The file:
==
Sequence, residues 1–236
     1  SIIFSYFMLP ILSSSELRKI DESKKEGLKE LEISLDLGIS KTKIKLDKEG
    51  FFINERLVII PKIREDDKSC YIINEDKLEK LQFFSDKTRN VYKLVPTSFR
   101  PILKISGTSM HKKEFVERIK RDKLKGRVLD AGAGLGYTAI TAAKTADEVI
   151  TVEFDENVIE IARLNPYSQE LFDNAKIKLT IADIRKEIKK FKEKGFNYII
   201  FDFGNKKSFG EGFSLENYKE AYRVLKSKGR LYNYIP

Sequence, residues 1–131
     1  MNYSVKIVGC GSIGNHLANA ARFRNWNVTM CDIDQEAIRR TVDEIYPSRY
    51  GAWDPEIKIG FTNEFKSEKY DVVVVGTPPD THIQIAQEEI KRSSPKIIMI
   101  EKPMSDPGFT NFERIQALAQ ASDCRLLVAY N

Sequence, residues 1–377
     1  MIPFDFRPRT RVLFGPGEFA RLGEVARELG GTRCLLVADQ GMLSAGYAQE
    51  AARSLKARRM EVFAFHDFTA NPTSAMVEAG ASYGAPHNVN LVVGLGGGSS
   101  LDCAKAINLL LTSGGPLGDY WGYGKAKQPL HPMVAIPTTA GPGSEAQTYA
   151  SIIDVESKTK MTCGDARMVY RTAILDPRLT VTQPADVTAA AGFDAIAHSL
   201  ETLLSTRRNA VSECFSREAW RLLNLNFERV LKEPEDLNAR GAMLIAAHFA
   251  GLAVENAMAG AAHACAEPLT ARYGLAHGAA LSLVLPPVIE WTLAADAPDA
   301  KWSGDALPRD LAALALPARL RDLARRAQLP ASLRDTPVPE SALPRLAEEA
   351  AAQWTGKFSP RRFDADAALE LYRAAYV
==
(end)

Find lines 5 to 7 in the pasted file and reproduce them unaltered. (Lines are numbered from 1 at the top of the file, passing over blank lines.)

   151  TVEFDENVIE IARLNPYSQE LFDNAKIKLT IADIRKEIKK FKEKGFNYII
   201  FDFGNKKSFG EGFSLENYKE AYRVLKSKGR LYNYIP

Sequence, residues 1–131